Date of Award


Document Type


Degree Name

Master of Arts (MA)


College of Humanities and Social Sciences



Thesis Sponsor/Dissertation Chair/Project Chair

Melinda Knight

Committee Member

Laura Nicosia

Committee Member

David Galef


This paper takes on the practice of fan fiction by introducing its origins, exploring the concept of it being recognized as a part of “real literature”—while also determining what makes real literature—as well as comparing literary retellings to fan fiction and questioning what makes distinguishes them from one another. The influence that fan fiction already has garnered within popular culture will also be explored, as well as the role fan fiction plays within fandoms.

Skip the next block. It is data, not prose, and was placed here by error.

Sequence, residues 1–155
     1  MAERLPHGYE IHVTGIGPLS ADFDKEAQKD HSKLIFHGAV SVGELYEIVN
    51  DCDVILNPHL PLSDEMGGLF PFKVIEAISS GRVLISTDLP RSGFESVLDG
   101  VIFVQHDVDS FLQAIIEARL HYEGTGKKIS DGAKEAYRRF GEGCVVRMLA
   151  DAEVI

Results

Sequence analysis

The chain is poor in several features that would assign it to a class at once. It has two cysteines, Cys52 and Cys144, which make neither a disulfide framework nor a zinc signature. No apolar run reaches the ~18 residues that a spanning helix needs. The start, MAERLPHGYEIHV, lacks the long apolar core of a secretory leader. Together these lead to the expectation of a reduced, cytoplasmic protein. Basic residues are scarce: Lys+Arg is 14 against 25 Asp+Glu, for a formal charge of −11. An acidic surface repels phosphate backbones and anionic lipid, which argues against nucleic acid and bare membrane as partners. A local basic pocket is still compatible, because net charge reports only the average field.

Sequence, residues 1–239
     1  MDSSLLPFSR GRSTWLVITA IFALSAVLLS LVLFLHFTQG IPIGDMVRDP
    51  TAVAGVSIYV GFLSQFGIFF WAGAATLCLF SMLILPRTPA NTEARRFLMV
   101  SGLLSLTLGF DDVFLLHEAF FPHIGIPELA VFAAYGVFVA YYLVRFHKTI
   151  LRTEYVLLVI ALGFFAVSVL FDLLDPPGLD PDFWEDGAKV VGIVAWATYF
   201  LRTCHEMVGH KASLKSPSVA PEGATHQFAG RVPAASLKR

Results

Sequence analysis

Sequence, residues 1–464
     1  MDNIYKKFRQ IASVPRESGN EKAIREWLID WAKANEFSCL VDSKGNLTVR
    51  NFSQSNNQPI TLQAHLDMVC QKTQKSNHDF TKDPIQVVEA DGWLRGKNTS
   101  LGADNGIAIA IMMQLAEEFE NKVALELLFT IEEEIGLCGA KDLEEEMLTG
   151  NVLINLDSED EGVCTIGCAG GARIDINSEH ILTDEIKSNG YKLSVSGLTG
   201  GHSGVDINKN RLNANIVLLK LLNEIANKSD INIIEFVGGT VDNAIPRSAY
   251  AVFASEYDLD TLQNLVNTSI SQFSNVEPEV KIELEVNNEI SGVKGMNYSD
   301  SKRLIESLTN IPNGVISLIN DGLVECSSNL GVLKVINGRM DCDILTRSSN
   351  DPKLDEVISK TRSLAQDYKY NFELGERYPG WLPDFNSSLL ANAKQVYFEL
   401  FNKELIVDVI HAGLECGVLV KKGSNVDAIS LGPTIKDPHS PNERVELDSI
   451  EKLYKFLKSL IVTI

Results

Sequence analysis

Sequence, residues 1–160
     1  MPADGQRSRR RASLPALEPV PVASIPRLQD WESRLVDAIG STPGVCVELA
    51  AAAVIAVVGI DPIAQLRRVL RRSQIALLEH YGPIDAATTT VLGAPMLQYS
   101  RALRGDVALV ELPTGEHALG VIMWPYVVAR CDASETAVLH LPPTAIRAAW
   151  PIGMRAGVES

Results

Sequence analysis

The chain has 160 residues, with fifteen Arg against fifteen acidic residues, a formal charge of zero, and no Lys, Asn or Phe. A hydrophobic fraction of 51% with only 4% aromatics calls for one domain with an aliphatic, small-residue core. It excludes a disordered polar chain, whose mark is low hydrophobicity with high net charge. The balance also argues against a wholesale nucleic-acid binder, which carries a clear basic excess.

By examining at primary texts such as E. L. James’s Fifty Shades of Grey, Anna Todd’s After, and the popular fanfic known as Heat Waves, this thesis will analyze the reach of specific kinds of fan fiction and the way they are received within their own fandoms and in popular culture. Additionally, specific studies conducted by Bronwen Thomas, Judith May Fathallah, and others will explore the significance of fandom communities, why fan fiction is considered a cultural phenomenon, and its status as “real literature” in terms of the impact, either positive or negative, it may have on consumers like any published literary work would.

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